Bloomberg Philanthropies today announced that Chicago has been selected as a finalist for the Bloomberg Philanthropies’ Mayors Challenge, a competition created to inspire American cities to generate innovative ideas that solve major challenges and improve city life – and that ultimately can be shared with other cities across the nation.
Chicago was selected as a finalist based on its innovative proposal to build the first analytics platform that identifies real-time patterns for city agencies. Once developed, this platform will allow the City to use the data it already collects to anticipate problems and craft solutions easily and quickly, in order to dramatically improve City services. And Chicago has committed to making this ground-breaking platform “open-source” to allow cities across the nation to adopt this tool.
“Chicago is at the forefront of developing new ways to serve residents more effectively. We are rethinking how government does its job,” said Mayor Emanuel. “The Mayors Challenge is an incredible opportunity that pushes cities across the country to think outside the box and also collaborate to move forward, and our plan to build the first analytics platform to provide real-time analysis so we can anticipate and respond to challenges early will not only improve the way services are delivered here in Chicago and in other cities across the world.”
“Congratulations to Mayor Emanuel and the City of Chicago for becoming a Mayors Challenge finalist. The response to the Mayors Challenge was extraordinary: bold and innovative ideas were submitted from every corner of the country. We look forward to welcoming the Chicago team to Ideas Camp,” said James Anderson, who directs the Government Innovation program at Bloomberg Philanthropies.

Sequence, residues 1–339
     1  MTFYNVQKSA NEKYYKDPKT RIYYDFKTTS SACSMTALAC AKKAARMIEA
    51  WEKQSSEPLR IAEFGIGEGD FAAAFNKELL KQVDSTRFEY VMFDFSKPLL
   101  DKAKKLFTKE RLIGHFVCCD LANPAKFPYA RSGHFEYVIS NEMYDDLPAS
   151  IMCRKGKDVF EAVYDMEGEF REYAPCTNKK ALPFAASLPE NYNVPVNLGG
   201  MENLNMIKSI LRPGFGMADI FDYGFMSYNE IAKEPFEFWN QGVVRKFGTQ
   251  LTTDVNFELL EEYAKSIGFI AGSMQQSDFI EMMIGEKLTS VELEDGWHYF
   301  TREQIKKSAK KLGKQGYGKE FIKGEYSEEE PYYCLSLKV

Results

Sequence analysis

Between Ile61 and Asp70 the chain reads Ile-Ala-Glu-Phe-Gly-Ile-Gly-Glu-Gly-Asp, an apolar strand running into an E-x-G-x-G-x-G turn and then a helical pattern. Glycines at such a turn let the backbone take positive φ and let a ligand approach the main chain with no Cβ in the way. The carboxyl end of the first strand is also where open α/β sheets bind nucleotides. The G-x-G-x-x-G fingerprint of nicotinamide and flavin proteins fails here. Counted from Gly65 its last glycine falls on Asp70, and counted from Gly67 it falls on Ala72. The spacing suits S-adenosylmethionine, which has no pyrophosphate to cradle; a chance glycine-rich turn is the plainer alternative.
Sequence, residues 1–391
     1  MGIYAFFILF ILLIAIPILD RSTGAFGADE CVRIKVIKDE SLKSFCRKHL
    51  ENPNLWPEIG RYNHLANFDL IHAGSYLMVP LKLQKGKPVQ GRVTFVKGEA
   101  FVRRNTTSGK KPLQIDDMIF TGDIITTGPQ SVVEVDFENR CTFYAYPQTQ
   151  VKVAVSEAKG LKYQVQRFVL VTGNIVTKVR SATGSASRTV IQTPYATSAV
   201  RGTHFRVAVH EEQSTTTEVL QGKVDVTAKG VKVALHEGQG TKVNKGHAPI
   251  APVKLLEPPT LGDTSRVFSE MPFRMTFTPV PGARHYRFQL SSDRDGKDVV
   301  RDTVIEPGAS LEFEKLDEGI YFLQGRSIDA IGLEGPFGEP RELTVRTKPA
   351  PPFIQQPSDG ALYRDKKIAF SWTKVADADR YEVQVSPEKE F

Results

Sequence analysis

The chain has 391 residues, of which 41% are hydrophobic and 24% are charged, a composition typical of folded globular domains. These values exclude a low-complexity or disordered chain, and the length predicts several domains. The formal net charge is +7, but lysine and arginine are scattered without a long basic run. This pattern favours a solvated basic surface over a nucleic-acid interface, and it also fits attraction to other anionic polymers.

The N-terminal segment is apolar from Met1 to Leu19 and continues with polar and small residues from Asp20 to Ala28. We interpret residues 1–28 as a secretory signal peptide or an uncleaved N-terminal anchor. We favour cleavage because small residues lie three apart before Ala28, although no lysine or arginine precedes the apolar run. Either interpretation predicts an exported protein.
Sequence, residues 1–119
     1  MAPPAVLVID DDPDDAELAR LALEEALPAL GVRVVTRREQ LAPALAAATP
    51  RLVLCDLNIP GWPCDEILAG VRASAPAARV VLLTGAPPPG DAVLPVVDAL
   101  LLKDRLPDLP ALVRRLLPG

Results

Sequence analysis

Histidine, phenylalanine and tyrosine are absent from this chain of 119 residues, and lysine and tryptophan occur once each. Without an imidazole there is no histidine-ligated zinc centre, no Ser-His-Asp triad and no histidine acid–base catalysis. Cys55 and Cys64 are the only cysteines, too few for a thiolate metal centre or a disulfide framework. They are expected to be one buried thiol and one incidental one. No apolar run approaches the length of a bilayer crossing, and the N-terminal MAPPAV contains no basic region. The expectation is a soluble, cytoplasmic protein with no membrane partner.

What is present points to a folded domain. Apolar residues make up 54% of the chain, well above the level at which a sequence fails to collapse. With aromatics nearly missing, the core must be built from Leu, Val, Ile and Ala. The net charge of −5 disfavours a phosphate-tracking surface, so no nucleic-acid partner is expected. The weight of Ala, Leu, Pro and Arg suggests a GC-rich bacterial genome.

The 20 finalists’ ideas were rated on four key criteria: vision/creativity, ability to implement, potential for impact, and potential for replication. A specially-assembled selection committee, co-chaired by Shona Brown, Senior Vice President and head of Google.org, and Ron Daniel, Bloomberg Philanthropies board member and Former Managing Partner at McKinsey & Company where he is still active, helped select the finalist cities.
Chicago’s first Chief Data Officer and Commissioner of the Department of Innovation and Technology, Brett Goldstein, and other members of Mayor’s Office staff will attend Bloomberg Ideas Camp, a two-day gathering in New York City in November during which city teams will work collaboratively with each other and experts to further refine their ideas. Coming out of Camp, Chicago’s team will have access to additional technical support to prepare their ideas for final submission. Winners will be announced in spring 2013, with a total of $9 million going to five cities to jumpstart implementation of their ideas.
About the Mayors Challenge
Mayors of U.S. cities with 30,000 residents or more were eligible to compete in the Mayors Challenge. Three hundred and five cities representing 45 states across the country submitted applications by September 14, 2012.
The Mayors Challenge is the latest initiative of Bloomberg Philanthropies’ Mayors Project, which aims to spread proven and promising ideas among cities. Other Mayors Project investments include Cities of Service, Innovation Delivery Teams, and Financial Empowerment Centers. In 2011, Chicago was also one of five cities to receive an Innovation Delivery Team grant; Mayor Emanuel’s Innovation Delivery Team brings rigorous focus and best-in-class practice to identify powerful solutions, develop implementation plans and then manage for results. To learn more about the Mayors Challenge, visit bloomberg.org/mayorschallenge.
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